Is the Partners in Recovery program connecting with the intended population of people living with severe and persistent mental illness? What are their prioritised needs?Nicola Hancock A D , Jennifer Smith-Merry A B , James A. Gillespie B C and Ivy Yen B
A Faculty of Health Sciences, University of Sydney, NSW 1825, Australia. Email: firstname.lastname@example.org
B Menzies Centre for Health Policy, University of Sydney, NSW 1825, Australia.
C School of Public Health, University of Sydney, NSW 2006, Australia. Email: email@example.com
D Corresponding author. Email: firstname.lastname@example.org
Australian Health Review 41(5) 566-572 https://doi.org/10.1071/AH15248
Submitted: 29 January 2016 Accepted: 28 July 2016 Published: 2 September 2016
Objective The Partners in Recovery (PIR) program is an Australian government initiative designed to make the mental health and social care sectors work in more coordinated ways to meet the needs of those with severe and complex mental illness. Herein we reflect on demographic data collected during evaluation of PIR implementation in two Western Sydney sites. The aims of the present study were to: (1) explore whether two Sydney-based PIR programs had recruited their intended population, namely people living with severe and persistent mental illness; and (2) learn more about this relatively unknown population and their self-identified need priorities.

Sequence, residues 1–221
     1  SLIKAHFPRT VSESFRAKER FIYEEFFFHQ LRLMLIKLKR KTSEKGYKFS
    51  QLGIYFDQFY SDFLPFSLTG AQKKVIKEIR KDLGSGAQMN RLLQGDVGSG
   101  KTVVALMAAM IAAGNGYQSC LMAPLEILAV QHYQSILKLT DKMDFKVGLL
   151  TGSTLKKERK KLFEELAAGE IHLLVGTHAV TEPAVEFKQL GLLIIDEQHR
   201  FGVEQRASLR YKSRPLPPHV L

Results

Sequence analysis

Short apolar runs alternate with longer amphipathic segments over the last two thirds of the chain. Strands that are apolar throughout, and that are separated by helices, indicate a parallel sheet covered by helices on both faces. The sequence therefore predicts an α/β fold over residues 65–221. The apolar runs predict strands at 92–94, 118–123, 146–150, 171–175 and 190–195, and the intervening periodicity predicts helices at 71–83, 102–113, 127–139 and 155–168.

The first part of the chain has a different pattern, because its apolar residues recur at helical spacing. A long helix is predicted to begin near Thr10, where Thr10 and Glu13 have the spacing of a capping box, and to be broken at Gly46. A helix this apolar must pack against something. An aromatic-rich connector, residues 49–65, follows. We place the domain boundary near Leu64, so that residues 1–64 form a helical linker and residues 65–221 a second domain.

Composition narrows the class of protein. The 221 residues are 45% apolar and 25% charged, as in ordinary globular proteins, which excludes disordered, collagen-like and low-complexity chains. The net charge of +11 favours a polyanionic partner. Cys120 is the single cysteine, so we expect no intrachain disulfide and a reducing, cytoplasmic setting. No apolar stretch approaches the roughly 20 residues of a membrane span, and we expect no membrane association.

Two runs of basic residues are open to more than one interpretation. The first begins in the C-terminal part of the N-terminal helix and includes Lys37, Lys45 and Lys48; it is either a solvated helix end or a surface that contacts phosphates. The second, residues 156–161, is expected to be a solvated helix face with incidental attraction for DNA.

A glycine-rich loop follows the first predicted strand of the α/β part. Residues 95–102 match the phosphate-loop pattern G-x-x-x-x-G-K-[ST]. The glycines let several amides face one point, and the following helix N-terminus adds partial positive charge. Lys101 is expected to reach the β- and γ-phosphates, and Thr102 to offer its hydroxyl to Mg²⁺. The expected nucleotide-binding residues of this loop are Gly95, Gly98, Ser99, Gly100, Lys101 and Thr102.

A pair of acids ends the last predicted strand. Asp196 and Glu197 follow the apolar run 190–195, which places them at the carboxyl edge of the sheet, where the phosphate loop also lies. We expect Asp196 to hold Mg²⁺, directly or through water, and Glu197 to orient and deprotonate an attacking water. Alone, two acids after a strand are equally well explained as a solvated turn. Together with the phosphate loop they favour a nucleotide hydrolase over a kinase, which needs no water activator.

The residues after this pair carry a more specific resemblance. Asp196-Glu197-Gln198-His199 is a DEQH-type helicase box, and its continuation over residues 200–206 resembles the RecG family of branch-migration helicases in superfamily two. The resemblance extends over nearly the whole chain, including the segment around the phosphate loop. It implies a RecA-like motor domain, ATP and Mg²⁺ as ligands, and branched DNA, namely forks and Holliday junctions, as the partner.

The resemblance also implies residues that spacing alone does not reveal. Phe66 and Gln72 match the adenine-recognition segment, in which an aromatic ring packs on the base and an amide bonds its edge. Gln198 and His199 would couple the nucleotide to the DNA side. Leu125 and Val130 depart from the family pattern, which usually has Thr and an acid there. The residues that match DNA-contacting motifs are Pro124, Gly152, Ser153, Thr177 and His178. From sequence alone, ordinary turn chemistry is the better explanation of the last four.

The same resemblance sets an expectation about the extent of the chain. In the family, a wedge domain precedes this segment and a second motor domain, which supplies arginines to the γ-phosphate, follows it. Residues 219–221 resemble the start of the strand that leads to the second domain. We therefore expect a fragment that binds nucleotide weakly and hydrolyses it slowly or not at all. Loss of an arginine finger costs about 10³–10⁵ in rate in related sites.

Methods Routinely collected initial client assessment data were analysed descriptively.
Results The data suggest that the two programs are engaging the intended population. The highest unmet needs identified included psychological distress, lack of daytime activities and company, poor physical health and inadequate accommodation. Some groups remain hard to connect, including people from Aboriginal and other culturally diverse communities.
Conclusions The data confirm that the PIR program, at least in the two regions evaluated, is mostly reaching its intended audience. Some data were being collected inconsistently, limiting the usefulness of the data and the ability to build on PIR findings to develop ongoing support for this population.
What is known about the topic? PIR is a unique national program funded to engage with and address the needs of Australians living with severe and persistent mental illness by facilitating service access.
What does this paper add? This paper reports on recruitment of people living with severe and persistent mental illness, their need priorities and data collection. These are three central elements to successful roll-out of the much anticipated mental health component of the National Disability Insurance Scheme, as well as ongoing PIR operation.
What are the implications for practitioners? Active recruitment, exploration of self-reported need priorities and routine outcome measurement are essential yet challenging work practices when working with people living with severe and persistent mental illness.
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